iRobot founder Helen Greiner on drones, the FAA, and how to succeed in business without really flying

CyPhy Ease

Nidhi Subbaraman 

Helen Greiner didn’t just put the ‘robot’ in iRobot. Starting as an 11-year-old who wanted to build R2-D2, she achieved her a dream twice: after co-founding iRobot and ushering it to an IPO in 2005, Greiner left to createa second company, CyPhy Works, that builds flying robots.

Greiner spoke at the RoboBusiness conference in Boston last week, and shared her views on some of the challenges facing the commercial drone industry. Chief among them: How do you grow while the Federal Aviation Administration continues to bully you out of the skies?

Greiner’s Danvers startup CyPhy Works builds “persistent flying” drones. These are small hovering drones, tethered to a power source and can stay hovering overhead for hours.

Until recently, the FAA has been grounding all commercial drone-makers that have tried to fly their crafts in US air space without explicit permission. In September, the FAA announced that it was granting movie makers access to the skies. That was only slighty surprising considering how camera-strapped drones are a favorite among film-makers and photographers — and considering Hollywood’s clout.

Greiner said that the FAA’s approach to opening up the airspace industry-by-industry is a mistake: It restricts access to groups that have the strongest lobbying power, stacking the deck against companies developing new technology. “I think it really discriminates against the small innovative people and that’s not something the government should be doing,” she told a filled room.

That’s something the trade group for “unmanned aerial vehicles” — as small drone makers like to call themselves — weighs in on time and time again. According to one AUVSI estimate, the US is ceding about $27 million for each day the FAA bans commercial testing and flights in the US airspace. The real damage goes deeper, Greiner said, because there is a “real first move advantage — we’re giving up the future of the market, not just at $25 million.”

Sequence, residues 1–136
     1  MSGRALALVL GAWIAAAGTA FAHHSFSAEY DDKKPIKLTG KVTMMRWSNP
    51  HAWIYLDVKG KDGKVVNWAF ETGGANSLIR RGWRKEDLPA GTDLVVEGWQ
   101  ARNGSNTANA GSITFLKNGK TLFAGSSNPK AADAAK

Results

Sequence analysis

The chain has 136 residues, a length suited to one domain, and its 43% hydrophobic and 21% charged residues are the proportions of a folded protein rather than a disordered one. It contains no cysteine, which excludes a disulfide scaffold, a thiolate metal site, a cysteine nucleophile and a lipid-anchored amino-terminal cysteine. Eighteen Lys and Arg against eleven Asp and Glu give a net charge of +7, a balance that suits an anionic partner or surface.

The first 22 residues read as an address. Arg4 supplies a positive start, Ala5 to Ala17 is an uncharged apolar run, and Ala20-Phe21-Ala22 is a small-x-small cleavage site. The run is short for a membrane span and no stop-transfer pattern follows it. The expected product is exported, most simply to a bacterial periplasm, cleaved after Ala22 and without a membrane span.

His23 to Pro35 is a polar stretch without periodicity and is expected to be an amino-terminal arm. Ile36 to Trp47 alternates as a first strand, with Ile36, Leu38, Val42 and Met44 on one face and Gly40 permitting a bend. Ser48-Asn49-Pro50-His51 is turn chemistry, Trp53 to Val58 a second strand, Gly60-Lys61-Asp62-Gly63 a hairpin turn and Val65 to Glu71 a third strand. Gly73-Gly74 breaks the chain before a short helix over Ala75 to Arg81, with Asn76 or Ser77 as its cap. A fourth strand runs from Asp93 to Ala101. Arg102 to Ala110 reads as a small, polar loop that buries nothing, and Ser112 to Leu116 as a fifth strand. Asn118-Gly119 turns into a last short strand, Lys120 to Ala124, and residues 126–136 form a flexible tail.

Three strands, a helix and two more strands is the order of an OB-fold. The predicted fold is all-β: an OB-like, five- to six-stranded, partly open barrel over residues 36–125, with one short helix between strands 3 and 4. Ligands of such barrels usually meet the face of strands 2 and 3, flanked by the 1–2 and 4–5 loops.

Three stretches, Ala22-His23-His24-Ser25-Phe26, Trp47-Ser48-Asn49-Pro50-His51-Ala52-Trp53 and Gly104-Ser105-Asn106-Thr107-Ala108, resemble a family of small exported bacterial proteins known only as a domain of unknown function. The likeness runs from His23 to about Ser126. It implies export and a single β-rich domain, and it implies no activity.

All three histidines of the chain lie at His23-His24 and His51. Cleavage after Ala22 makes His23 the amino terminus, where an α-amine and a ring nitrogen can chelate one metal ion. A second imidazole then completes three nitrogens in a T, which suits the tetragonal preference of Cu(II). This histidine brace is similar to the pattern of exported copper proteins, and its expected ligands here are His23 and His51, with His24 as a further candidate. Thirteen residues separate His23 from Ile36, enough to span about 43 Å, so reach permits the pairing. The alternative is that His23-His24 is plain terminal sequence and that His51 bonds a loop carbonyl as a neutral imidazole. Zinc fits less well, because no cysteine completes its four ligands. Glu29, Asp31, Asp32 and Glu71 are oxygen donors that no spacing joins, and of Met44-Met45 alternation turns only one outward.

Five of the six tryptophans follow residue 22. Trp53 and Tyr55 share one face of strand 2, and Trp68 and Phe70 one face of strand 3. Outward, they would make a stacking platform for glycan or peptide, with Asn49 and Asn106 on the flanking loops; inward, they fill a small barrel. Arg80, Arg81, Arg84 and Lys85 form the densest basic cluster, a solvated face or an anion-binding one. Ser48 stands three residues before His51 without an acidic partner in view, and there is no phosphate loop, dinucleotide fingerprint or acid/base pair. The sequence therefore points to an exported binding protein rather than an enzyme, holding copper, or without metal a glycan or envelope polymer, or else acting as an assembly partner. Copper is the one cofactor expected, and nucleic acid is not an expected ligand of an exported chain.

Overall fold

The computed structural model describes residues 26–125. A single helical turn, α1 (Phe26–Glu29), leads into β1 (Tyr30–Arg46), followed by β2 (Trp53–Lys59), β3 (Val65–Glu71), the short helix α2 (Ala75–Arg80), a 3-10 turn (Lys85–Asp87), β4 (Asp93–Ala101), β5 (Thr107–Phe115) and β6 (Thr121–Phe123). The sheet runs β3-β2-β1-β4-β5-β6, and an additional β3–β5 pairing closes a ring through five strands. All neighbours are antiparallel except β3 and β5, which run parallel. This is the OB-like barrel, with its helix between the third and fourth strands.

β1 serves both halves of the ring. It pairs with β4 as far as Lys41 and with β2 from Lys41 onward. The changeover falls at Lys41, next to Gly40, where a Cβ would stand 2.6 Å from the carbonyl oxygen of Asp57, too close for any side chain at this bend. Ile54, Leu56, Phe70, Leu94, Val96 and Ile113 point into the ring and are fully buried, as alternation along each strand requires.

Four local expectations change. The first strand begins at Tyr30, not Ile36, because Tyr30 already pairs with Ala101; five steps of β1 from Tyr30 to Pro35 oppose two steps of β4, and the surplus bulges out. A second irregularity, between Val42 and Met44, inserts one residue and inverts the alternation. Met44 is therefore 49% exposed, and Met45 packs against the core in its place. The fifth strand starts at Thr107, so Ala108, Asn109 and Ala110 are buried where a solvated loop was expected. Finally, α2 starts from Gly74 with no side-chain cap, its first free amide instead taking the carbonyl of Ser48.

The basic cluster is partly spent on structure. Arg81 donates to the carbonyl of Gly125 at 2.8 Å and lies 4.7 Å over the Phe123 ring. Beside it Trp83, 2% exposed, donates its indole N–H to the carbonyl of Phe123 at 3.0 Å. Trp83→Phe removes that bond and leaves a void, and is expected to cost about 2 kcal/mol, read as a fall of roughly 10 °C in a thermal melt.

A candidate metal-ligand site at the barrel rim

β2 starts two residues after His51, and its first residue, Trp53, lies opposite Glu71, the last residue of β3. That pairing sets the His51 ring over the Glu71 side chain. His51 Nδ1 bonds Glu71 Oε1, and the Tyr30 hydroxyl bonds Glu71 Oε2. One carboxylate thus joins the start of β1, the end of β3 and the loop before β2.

The regulations have already sent tech and business titans to foreign shores. Google, Facebook, and Amazon have each staked their claims in the drone space—Amazon and Google with deliveries and Facebook for Internet. Yet Google chose to develop its Project Wing drones in Australia, and as the Washington Post revealed, Amazon had to pick an “undisclosed” international location to shoot its drone delivery commercial.

“I think if Google could have gotten permission to test here, they would have done it,” Greiner said. “There are plenty of locations out west that are just as barren.”

Not one person in the room filled with journalists, investors and startup members expected the FAA to meet its 2015 deadline to include commercial drones in the US airspace.

The FAA’s dawdling has landed the administration in a comical role that seems to be all too familiar to folks who watch this space. It goes something like this: Company tries to fly drones under the radar. FAA writes a Strongly Worded Letter and slaps down a fine. The company appeals the ban and fine. Everybody waits.

As Greiner observed: “They’re trying to play whackamole.”

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